Another author who was a prime favorite with me about this time was De Quincey, whose books I took out of the State Library, one after another, until I had read them all. We who were young people of that day thought his style something wonderful, and so indeed it was, especially in those passages, abundant everywhere in his work, relating to his own life with an intimacy which was always-more rather than less. His rhetoric there, and in certain of his historical studies, had a sort of luminous richness, without losing its colloquial ease. I keenly enjoyed this subtle spirit, and the play of that brilliant intelligence which lighted up so many ways of literature with its lambent glow or its tricksy glimmer, and I had a deep sympathy with certain morbid moods and experiences so like my own, as I was pleased to fancy. I have not looked at his Twelve Caesars for twice as many years, but I should be greatly surprised to find it other than one of the greatest historical monographs ever written. His literary criticisms seemed to me not only exquisitely humorous, but perfectly sane and just; and it delighted me to have him personally present, with the warmth of his own temperament in regions of cold abstraction; I am not sure that I should like that so much now. De Quincey was hardly less autobiographical when he wrote of Kant, or the Flight of the Crim–Tartars, than when he wrote of his own boyhood or the miseries of the opium habit. He had the hospitable gift of making you at home with him, and appealing to your sense of comradery with something of the flattering confidentiality of Thackeray, but with a wholly different effect.
In fact, although De Quincey was from time to time perfunctorily Tory, and always a good and faithful British subject, he was so eliminated from his time and place by his single love for books, that one could be in his company through the whole vast range of his writings, and come away without a touch of snobbishness; and that is saying a great deal for an English writer. He was a great little creature, and through his intense personality he achieved a sort of impersonality, so that you loved the man, who was forever talking-of himself, for his modesty and reticence. He left you feeling intimate with him but by no means familiar; with all his frailties, and with all those freedoms he permitted himself with the lives of his contemporaries, he is to me a figure of delicate dignity, and winning kindness. I think it a misfortune for the present generation that his books have fallen into a kind of neglect, and I believe that they will emerge from it again to the advantage of literature.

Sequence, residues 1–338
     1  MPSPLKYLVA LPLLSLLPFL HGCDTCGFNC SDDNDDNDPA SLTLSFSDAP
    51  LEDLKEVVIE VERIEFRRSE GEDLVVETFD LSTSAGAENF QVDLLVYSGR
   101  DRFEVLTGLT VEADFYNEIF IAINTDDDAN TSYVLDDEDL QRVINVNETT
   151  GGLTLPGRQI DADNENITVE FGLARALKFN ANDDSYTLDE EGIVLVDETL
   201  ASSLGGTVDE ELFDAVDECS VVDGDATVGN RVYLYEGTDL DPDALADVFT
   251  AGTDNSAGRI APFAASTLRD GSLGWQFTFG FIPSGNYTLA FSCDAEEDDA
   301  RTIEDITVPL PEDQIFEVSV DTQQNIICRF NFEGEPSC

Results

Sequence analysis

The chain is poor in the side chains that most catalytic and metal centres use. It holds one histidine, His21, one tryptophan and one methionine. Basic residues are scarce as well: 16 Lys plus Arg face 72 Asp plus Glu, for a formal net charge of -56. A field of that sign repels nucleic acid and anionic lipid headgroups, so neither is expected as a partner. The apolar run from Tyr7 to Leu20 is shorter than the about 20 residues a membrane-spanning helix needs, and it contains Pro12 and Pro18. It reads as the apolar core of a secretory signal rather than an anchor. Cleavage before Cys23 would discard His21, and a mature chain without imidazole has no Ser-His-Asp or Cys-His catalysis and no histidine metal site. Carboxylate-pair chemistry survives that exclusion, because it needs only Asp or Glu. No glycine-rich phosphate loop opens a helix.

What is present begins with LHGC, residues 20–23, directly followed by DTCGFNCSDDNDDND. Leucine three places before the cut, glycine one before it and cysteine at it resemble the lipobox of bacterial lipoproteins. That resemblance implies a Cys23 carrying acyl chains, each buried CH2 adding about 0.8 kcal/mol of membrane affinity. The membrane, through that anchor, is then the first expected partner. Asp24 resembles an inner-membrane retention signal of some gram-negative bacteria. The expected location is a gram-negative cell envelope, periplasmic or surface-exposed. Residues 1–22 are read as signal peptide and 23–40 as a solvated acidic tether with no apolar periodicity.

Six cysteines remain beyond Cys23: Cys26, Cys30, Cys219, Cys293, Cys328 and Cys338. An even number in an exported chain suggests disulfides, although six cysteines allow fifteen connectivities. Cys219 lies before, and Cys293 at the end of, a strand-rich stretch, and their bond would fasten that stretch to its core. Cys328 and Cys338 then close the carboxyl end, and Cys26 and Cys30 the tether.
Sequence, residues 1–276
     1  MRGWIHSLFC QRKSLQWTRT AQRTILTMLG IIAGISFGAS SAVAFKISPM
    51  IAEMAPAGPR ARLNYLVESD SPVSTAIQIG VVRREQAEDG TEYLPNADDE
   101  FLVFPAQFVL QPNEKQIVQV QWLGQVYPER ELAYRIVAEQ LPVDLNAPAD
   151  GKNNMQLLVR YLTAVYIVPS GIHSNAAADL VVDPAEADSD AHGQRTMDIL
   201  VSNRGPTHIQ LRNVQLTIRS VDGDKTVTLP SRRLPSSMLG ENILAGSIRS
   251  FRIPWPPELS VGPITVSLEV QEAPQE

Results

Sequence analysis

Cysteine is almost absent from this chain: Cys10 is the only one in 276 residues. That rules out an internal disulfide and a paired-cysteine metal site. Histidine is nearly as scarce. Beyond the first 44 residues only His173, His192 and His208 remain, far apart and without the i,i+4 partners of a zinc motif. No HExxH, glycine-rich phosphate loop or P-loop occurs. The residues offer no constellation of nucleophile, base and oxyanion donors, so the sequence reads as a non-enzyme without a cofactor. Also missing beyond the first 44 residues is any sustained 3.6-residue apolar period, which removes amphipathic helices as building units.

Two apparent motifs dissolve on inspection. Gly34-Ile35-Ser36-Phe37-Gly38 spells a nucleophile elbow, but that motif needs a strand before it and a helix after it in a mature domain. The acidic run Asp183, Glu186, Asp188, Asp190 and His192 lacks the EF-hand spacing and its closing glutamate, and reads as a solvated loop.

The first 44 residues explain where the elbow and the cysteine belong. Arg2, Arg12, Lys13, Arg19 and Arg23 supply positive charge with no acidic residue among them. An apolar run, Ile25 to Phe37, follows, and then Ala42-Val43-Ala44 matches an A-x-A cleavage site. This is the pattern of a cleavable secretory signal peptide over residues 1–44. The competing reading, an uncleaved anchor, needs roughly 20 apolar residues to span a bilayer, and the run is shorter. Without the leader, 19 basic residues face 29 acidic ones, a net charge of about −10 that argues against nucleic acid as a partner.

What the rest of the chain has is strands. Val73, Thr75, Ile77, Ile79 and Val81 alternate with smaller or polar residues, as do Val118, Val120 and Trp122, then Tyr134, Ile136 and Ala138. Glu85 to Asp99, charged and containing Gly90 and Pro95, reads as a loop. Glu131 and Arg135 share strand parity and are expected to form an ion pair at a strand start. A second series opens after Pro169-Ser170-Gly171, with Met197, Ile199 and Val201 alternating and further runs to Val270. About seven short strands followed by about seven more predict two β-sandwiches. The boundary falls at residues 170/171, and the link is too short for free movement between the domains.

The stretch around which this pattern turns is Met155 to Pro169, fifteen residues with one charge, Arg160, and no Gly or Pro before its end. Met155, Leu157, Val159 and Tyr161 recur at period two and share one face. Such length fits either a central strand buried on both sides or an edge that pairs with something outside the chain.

In spite of Heine and Tennyson, De Quincey had a large place in my affections, though this was perhaps because he was not a poet; for more than those two great poets there was then not much room. I read him the first winter I was at Columbus, and when I went down from the village the next winter, to take up my legislative correspondence again, I read him more than ever. But that was destined to be for me a very disheartening time. I had just passed through a rheumatic fever, which left my health more broken than before, and one morning shortly after I was settled in the capital, I woke to find the room going round me like a wheel. It was the beginning of a vertigo which lasted for six months, and which I began to fight with various devices and must yield to at last. I tried medicine and exercise, but it was useless, and my father came to take my letters off my hands while I gave myself some ineffectual respites. I made a little journey to my old home in southern Ohio, but there and everywhere, the sure and firm-set earth waved and billowed under my feet, and I came back to Columbus and tried to forget in my work the fact that I was no better. I did not give up trying to read, as usual, and part of my endeavor that winter was with Schiller, and Uhland, and even Goethe, whose ‘Wahlverwandschaften,’ hardly yielded up its mystery to me. To tell the truth, I do not think that I found my account in that novel. It must needs be a disappointment after Wilhelm Meister, which I had read in English; but I dare say my disappointment was largely my own fault; I had certainly no right to expect such constant proofs and instances of wisdom in Goethe as the unwisdom of his critics had led me to hope for. I remember little or nothing of the story, which I tried to find very memorable, as I held my sick way through it. Longfellow’s “Miles Standish” came out that winter, and I suspect that I got vastly more real pleasure from that one poem of his than I found in all my German authors put together, the adored Heine always excepted; though certainly I felt the romantic beauty of ‘Uhland,’ and was aware of something of Schiller’s generous grandeur.